Meeting Jesse was nice because for once I could put a face with one of the names in Roger’s many yarns about his days as a ball walker. As the mass started another one of Roger’s friends wandered in. Gary, who knew Roger from back in the day, had worked with him ironically when my friend was an HIV counselor at Callen-Lourde. On a break and in between field work assignments, Gary figured he would say a few prayers for his misguided but fabulous friend so he could have a peaceful stay in the afterlife.
After the mass ended there were more Roger stories. These were more of the misadventures, more of the bad decisions, and more of the chaos that had become the life of a promising individual. Instead of laughing however, I realized how sad it was. Roger wasn’t stupid, he was bright. Sometimes I think that was a large part of the problem. I think had he been dumb he would have been better able to deal and less willing to lash out. In these stories Roger stole and did a bunch of other horrid things. Knowing my friend and seeing how hard he fought to get recovery even though it never came, I know in my heart it wasn’t him. It was the disease of addiction that made him a thief and a person no one could trust. Roger was always too afraid to do the work to get recovery. That’s why he did the designer labels, the faulty stomach stapling surgery, and got the botox. He had to work on the outsides because the insides were too much to bear. Sure, crystal meth gave my friend wings but it took away the sky.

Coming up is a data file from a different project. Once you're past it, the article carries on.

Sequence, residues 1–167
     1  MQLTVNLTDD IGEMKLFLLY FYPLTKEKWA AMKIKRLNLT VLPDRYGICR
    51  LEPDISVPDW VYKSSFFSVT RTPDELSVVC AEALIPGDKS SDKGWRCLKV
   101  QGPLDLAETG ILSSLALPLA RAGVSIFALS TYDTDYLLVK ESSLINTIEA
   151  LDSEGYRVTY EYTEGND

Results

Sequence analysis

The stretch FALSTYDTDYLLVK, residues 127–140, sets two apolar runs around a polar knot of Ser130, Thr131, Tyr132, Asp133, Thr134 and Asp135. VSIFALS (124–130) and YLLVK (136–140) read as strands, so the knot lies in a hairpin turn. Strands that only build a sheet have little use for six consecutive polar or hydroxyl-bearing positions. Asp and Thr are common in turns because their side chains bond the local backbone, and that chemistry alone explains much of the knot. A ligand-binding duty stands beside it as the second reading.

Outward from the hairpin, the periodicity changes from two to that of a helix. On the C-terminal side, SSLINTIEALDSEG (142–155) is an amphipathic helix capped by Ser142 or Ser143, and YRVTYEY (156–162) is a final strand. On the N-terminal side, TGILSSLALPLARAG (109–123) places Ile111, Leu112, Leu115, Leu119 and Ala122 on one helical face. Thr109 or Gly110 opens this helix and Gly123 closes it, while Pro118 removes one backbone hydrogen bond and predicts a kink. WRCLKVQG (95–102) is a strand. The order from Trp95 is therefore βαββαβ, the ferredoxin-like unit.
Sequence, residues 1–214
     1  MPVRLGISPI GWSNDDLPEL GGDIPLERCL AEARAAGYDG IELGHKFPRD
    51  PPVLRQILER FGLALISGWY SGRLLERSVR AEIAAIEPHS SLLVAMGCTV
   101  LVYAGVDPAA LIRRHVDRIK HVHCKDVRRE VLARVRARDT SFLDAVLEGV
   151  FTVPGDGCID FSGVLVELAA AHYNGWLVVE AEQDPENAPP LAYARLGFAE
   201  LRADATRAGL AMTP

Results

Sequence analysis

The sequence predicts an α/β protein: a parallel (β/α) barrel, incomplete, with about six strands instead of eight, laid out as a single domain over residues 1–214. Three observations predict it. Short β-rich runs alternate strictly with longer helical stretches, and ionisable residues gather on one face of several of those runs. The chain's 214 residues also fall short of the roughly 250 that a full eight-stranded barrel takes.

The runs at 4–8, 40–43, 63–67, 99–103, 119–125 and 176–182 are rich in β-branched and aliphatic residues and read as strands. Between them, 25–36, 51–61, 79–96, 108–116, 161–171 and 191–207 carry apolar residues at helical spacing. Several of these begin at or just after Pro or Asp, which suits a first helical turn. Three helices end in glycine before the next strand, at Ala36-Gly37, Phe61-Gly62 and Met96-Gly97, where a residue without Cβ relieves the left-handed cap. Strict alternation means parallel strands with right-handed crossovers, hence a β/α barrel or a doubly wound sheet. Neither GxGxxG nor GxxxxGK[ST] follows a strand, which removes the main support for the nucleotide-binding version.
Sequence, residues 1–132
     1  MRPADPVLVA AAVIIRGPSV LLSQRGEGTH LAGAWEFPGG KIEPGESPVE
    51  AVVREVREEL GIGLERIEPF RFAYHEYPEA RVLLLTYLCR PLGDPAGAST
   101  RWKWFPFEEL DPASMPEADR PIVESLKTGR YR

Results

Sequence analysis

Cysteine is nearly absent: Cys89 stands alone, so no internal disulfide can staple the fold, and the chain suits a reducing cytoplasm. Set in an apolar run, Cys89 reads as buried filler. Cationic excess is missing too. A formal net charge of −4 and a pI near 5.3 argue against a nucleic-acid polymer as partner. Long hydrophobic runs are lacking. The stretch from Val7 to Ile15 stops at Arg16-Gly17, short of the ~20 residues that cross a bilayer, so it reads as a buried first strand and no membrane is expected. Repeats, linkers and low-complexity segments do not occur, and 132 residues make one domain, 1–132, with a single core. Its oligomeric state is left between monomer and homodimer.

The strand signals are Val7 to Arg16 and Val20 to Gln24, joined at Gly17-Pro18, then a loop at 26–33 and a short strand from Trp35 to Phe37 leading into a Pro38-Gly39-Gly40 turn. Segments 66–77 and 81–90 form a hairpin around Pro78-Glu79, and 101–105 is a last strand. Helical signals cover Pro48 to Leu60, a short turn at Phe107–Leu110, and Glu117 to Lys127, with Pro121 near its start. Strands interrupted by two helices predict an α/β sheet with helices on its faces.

As we left the church I decided I wasn’t going to cry. It was a mute point plus Roger wouldn’t have wanted tears. In addition my mascara was not waterproof and Roger being Roger would have said to me, “Why didn’t you wear waterproof mascara, you knew you would be mourning.” At that moment I realized in his death Roger had given me a new life. Since his passing I made it my business to give up men who were bad for me as well as bad decisions, something my friend could never quite do. It’s not that he wouldn’t get it, he couldn’t get it. I also have been pressing harder and harder making more headway than ever in my career. I remember when he lived Roger was always proud of me and would brag to people that he knew me when he saw me on TV. In my heart, I know if he were here he would be proud of me.